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Farer Take a Horological Step Up With New Dubois-Dépraz Movement in Chrono-Classic

Farer Classic-Chrono Jackson

If you’ve never heard the name Dubois-Dépraz, don’t worry, you’re not the only one. Until relatively recently, the specialist movement maker was one of Switzerland’s best kept secrets, a name that you’d come across opening some of the most important modern watches in the world but who, unless you knew what you were looking at, you’d likely pass by. However, it’s slowly becoming more common to see their movements in watches like the Chrono-Classic from Farer.

The history of Dubois-Dépraz starts in 1901 in La Vallée de Joux, a painfully pretty part of the Swiss mountains that also happens to be Shangri- La for watchmakers. Founder Marcel Dépraz had already cut his teeth building complicated watches and in just a few short years his solo venture was supplying chronographs to Breitling, Excelsior, and Minerva. You know, names known for excellent chronographs.

Dubois Dépraz Calibre 38

Dubois Dépraz Calibre 38 (1937)

In 1937, they built the calibre 48, a movement that would go on to be incredibly successful, and in the 1960s they were one of the watchmakers instrumental (along with Büren, Breitling, and Heuer-Leonidas) in developing the Calibre 11, one of the first automatic chronograph movements in the world. That’s all to say, Dubois-Dépraz has some serious pedigree.

A few decades and a quartz crisis later and the company changed slightly with the release of the module 2000. This was one of the best chronograph modules on the market and, at a time when very few integrated versions were being produced (this was still when the modern industry was floundering) the Module 2000 allowed watchmakers to produce chronographs affordably.

Dubois-Dépraz calibre 11 1969

Dubois-Dépraz Calibre 11 (1969)

Since then, they’ve been synonymous with modules rather than full movements. You can find their chronographs in more watches than you could imagine, if you know what you’re looking for. Given most watch brands like to take credit for the entire movement though, you won’t often hear their name except from actual watchmakers. That however looks like it’s changing.

Dubois Dépraz Calibre 540

Dubois Dépraz Calibre 540 (2021)

In the past few years Dubois-Dépraz have been making a concerted effort to build their own movements again. In 2021 they launched their first fully integrated chronograph movement, the DD540. Just as importantly, they’ve been getting their name out there a little more, opening up their offerings to smaller brands, even those outside of Switzerland. Brands like Farer.

Farer Chrono-Classic Swann Side
Farer Chrono-Classic Swann Caseback

Farer Chrono-Classic Swann

To say Farer have an emphasis on style over substance is unfair – but there’s a grain of truth in there. Like many a British watch brand, they know what makes a phenomenally designed watch and are one of the best players when it comes to colour in the industry. But their movements have tended to leave something to be desired. Not bad of course, just the kind of standard workhorse calibres that make the microbrand world go round.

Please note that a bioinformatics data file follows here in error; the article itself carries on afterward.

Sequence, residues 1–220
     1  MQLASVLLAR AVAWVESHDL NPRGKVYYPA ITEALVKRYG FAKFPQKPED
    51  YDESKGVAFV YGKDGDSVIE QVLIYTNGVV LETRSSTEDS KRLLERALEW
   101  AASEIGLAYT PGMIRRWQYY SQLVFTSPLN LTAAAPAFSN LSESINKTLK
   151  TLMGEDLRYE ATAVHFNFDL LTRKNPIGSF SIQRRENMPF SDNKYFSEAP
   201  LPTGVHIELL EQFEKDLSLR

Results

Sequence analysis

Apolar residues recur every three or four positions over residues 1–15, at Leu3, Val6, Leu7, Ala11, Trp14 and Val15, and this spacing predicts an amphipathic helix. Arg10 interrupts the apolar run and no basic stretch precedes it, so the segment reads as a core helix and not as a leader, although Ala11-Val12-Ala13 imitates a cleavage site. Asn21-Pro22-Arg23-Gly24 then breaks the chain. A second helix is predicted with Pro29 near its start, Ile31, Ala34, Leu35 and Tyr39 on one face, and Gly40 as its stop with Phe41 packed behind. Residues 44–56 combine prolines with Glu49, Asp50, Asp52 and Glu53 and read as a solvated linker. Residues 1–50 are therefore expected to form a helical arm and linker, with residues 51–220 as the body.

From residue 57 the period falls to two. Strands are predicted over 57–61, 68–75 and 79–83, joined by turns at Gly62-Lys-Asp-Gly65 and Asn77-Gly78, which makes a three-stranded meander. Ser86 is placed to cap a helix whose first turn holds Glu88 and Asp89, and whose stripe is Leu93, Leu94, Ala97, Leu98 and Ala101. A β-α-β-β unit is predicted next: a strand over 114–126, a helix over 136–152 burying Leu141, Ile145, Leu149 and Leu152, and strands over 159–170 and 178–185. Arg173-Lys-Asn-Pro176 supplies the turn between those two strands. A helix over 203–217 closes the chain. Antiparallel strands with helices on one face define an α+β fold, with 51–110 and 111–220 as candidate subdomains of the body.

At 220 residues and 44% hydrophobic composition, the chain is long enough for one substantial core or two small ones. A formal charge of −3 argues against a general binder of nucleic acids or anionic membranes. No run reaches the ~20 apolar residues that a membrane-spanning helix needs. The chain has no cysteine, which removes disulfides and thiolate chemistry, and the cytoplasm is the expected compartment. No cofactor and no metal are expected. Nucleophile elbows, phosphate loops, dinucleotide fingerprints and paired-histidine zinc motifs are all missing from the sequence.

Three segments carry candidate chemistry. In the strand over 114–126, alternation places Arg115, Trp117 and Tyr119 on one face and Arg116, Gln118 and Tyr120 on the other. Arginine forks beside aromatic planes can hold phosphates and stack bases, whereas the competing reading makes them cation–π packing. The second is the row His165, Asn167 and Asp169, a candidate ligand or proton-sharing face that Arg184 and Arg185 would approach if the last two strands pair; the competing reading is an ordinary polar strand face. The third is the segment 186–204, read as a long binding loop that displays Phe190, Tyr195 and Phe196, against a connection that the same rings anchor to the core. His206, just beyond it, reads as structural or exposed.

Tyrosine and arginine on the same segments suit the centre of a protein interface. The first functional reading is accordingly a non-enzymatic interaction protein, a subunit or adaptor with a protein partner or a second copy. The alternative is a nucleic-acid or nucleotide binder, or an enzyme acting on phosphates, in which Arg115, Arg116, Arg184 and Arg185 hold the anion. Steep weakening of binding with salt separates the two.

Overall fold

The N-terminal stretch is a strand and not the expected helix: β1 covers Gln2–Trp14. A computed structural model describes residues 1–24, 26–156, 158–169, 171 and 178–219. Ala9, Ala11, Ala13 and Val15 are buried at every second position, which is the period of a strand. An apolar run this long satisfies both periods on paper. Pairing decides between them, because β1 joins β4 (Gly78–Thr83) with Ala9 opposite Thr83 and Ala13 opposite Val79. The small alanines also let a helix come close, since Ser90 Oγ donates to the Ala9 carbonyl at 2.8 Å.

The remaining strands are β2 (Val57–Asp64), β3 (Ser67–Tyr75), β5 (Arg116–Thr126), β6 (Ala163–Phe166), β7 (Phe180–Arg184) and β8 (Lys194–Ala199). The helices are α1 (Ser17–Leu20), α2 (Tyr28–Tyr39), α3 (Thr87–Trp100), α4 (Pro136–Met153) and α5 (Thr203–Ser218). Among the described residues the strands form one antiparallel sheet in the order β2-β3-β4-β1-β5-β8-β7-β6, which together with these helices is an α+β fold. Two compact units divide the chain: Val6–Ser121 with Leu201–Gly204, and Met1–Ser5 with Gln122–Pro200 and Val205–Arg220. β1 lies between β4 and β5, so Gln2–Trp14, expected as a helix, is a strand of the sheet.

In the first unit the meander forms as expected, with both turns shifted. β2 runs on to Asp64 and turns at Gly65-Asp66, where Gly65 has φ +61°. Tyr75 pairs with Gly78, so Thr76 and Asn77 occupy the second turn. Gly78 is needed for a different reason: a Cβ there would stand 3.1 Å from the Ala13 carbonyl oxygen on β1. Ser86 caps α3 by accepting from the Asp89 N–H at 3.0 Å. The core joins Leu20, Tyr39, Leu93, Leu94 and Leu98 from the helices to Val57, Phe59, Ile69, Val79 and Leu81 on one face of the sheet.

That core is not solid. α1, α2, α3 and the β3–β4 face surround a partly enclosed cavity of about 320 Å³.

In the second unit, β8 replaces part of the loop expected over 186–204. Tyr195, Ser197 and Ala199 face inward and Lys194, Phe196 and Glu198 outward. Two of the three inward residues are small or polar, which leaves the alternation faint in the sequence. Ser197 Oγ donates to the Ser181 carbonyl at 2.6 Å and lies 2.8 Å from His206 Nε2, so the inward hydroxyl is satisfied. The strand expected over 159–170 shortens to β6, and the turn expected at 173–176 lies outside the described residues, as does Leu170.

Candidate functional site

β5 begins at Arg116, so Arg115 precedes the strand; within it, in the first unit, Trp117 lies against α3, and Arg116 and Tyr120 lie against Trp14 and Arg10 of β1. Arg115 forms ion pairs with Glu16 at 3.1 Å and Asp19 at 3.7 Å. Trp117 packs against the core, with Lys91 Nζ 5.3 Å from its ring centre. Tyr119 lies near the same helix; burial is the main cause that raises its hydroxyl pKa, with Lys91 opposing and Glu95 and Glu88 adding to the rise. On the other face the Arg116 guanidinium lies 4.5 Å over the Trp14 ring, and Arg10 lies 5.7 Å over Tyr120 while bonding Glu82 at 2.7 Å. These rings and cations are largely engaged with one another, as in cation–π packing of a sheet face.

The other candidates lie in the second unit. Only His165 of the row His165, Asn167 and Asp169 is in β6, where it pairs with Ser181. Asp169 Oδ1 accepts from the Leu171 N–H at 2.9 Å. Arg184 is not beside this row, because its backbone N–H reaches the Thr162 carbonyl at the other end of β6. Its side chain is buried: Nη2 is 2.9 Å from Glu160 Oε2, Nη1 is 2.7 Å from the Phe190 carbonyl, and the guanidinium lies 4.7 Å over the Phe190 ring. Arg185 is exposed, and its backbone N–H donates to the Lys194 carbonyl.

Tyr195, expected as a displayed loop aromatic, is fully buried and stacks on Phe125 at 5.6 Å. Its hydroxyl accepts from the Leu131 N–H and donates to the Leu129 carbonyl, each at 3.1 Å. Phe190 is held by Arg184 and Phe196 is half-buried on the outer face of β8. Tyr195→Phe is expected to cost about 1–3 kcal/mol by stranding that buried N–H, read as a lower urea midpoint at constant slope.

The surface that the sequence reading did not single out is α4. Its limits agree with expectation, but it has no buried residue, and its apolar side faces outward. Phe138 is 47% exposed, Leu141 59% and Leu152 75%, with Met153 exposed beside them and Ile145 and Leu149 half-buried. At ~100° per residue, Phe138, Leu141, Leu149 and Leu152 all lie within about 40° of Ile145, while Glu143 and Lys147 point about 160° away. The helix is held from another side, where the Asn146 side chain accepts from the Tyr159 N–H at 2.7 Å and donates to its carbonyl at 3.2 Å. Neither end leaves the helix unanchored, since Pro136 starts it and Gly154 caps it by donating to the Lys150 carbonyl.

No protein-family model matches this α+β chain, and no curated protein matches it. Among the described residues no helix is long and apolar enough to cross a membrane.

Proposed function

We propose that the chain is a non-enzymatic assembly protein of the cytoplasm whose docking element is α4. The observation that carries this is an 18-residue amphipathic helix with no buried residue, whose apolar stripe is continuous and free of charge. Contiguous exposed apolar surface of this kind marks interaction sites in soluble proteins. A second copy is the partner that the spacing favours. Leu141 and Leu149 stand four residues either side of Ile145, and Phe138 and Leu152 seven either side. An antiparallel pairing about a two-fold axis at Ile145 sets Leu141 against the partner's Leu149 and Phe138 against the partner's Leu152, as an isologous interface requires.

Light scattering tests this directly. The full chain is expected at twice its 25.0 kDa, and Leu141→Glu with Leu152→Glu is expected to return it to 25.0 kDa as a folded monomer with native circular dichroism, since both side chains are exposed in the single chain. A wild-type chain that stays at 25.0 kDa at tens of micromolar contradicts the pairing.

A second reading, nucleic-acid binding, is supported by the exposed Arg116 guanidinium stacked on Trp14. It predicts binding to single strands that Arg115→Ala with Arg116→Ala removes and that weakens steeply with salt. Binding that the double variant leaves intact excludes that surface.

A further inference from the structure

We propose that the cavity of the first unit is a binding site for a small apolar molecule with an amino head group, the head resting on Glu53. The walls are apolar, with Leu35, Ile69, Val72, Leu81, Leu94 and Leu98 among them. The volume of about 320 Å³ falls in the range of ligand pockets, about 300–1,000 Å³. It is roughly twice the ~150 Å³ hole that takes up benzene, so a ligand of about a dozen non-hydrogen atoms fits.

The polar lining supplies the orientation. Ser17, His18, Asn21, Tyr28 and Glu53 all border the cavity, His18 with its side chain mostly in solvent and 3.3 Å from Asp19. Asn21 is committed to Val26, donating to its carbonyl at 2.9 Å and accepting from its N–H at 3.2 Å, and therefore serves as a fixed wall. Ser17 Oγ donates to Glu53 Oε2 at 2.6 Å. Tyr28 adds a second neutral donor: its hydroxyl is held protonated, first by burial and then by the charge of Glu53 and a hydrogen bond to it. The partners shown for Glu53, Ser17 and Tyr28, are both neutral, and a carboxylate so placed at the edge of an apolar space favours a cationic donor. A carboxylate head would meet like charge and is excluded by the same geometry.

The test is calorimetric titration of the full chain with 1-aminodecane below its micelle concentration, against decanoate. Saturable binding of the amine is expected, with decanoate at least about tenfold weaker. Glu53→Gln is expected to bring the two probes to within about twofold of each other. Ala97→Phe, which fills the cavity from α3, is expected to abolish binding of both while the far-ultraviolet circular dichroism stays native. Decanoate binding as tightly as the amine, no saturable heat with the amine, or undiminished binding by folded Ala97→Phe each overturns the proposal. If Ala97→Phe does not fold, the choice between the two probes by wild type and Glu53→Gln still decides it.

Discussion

Their latest though pulls all the stops out mechanically. That’s because the Farer Chrono-Classic houses Dubois-Dépraz’s latest DD2022 calibre. The bi-compax chronograph with a date has a 43-hour power reserve and a custom rotor, which on paper is great but not standout. The real talking point, mechanically speaking, is the offset crown – or, should I say, lack of offset.

Farer Classic-Chrono DD2022

Calibre DD2022

Most chronographs will have a crown that’s ever-so-slightly misaligned with the pushers. Once you see it, you can’t unsee it, trust me. It’s just considered a quirk of the system most of the time, yet here Dubois-Dépraz have managed to perfectly place it directly between the pushers. It’s better looking, easier to use and just better.

Farer Chrono-Classic Meredith

It’s a small thing in the grand scheme of watchmaking, but it also speaks to the greater point of Dubois-Dépraz, that their attention to detail and drive for solutions to established issues makes for a great movement. Add in that they’re built in small batches, as any good movement should be, and you have the recipe for one of the finest third-party chronograph movements out there.

In fact, scratch the third-party there. I’ll let you decide whether Farer being able to use it in a watch just over 2K is a win for them or a condemnation of the wider industry pricing. Either way, it makes for a great watch.

Farer Chrono-Classic Swann

Of course, this being Farer, all three Chrono-Classic models are stunning, too. Just because they’ve let Dubois-Dépraz do the work on the inside doesn’t mean they’ve been sitting on their laurels. The Jackson is a handsome study in blue with a cool piqué pattern; the Meredith evokes vintage racing watches with a salmon dial and contrasting blue indexes and the Swann is a confident splash of magenta that’s hard to ignore.

The long and short of it is this: Dubois-Dépraz is a name that, if you didn’t know before this article, you will do soon. Other watchmakers will be scrabbling to get this movement in their watches and will definitely want to talk about it. At the same time, it’s great to see Farer stepping up their horological game with a movement to match their obsessive design. It can only lead to good things.

More details at Farer and Dubois-Dépraz.

About the author

Sam Kessler

Legend has it that Sam’s first word was ‘escapement’ and, while he might have started that legend himself, he’s been in the watch world long enough that it makes little difference. As the editor of Oracle Time, he’s our leading man for all things horological – even if he does love yellow dials to a worrying degree. Owns a Pogue; doesn’t own an Oyster Perpetual. Yet.

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